What makes a good shadow?
•Resilience, says Marty McSorley, a former Oiler roommate of Tikkanen's who is now employed as one of Gretzky's bodyguards: "You can belt Tikky, can knock him down, make him dizzy, but he never stays down." McSorley attributes this to Tikkanen's stubbornness and to his ideal hockey frame, which Kings coach Tom Webster has likened to "a bowling ball with ears."
•Chatter, suggests Oiler forward Craig MacTavish. Tikkanen subjects his victims to a relentless stream of polyglot nonsense. "We call it Tikspeak," says MacTavish. "Since he makes no sense, there's no possible response. That bugs guys." Indeed, despite his ample English vocabulary, Tikkanen's knowledge of verb tenses and syntax remains sketchy. Thus the second halves of his spoken sentences become a kind of lost-and-found for loose articles and free-floating pronouns, as in: "Shadowing these guys doing my part job win Stanley Cup was best for team, and I do to try exactly my thing."
•The Jerk Factor, offers Kings forward Tony Granato: "He's excellent at getting under guys' skins. When you're thinking about how badly you want to hurt him, you're not thinking about what you've got to do to win."
•Talent, says Gretzky: "To shadow me, he's got to have some ability. Also, to be an effective shadow, he's got to play for a good team. Otherwise, I'd just stay on the ice, and his team would never score."
Tikkanen's offensive skills have come into the spotlight since Gretzky was traded in 1988. With Mark Messier missing 27 games as a result of various injuries last season, Tikkanen led the Oilers in scoring, with 27 goals and 42 assists. During the off-season, team owner Peter Pocklington and general manager Glen Sather busied themselves auctioning off most of the usable parts remaining from Edmonton's dynasty teams: Messier was dealt to the New York Rangers; Grant Fuhr and Glenn Anderson were traded to the Toronto Maple Leafs; Steve Smith was sent to the Chicago Blackhawks. Tikkanen, however, signed a six-year deal with the Oilers for a million per. He has become the cornerstone of the Oilers.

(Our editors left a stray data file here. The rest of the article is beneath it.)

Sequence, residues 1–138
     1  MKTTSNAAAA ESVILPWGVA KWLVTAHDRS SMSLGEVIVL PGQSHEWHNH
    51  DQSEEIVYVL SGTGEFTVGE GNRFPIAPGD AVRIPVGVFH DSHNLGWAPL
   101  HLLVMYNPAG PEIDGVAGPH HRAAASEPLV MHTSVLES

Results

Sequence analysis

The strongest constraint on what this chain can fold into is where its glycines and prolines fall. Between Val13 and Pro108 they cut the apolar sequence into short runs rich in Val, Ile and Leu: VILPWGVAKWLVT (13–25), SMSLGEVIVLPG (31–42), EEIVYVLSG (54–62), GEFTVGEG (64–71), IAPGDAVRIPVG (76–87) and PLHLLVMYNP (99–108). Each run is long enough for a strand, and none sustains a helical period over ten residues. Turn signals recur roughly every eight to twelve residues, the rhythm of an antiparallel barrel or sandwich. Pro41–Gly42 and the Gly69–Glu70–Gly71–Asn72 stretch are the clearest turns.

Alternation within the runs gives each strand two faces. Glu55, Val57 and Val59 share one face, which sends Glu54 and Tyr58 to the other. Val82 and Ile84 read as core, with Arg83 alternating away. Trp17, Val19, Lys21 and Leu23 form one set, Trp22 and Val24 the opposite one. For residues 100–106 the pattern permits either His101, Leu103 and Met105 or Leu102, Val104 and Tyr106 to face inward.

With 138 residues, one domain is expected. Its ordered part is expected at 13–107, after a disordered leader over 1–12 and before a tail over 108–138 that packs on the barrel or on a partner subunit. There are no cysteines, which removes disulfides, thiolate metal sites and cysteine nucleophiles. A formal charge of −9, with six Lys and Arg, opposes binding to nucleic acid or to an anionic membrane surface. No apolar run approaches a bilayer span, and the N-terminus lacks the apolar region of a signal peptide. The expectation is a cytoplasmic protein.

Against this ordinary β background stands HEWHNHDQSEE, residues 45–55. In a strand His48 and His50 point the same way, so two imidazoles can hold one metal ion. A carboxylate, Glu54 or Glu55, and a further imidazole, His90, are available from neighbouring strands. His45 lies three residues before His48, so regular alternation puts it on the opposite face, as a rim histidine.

Tikkanen's journey from curiosity to cornerstone has been a long, strange trip marked by inadvertent hilarity. From the earliest hours of his Oiler career, the self-styled "crazy Finn" has drawn attention to himself. During the 1985 Campbell Conference finals against Chicago, Tikkanen was contacted in Helsinki by Oiler chief scout Barry Fraser, on whose recommendation Edmonton had selected Tikkanen in the fourth round of the '83 entry draft. Be on a plane to the U.S. the following morning, Tikkanen was told.
Tikkanen's flight connected through Zurich. When he got to Zurich, however, "bad thing happening to me." Swiss customs agents wouldn't let Tikkanen board because he had no U.S. visa. The 20-year-old calmly checked into a five-star hotel in Zurich, ate a sumptuous room-service meal, picked up his visa the following morning at the American embassy, arrived in Chicago a day late and, with an apologetic grin, presented the Oilers with a $1,000 hotel bill.
The Oilers, who had beaten Chicago in the conference championship, lost the first game of the Stanley Cup finals to the Philadelphia Flyers. Tikkanen, who had yet to play in an NHL game, was approached by Sather at the morning skate before the second game. Their conversation, Tikkanen recalls, went like this:
Sather: "Are you ready to play?"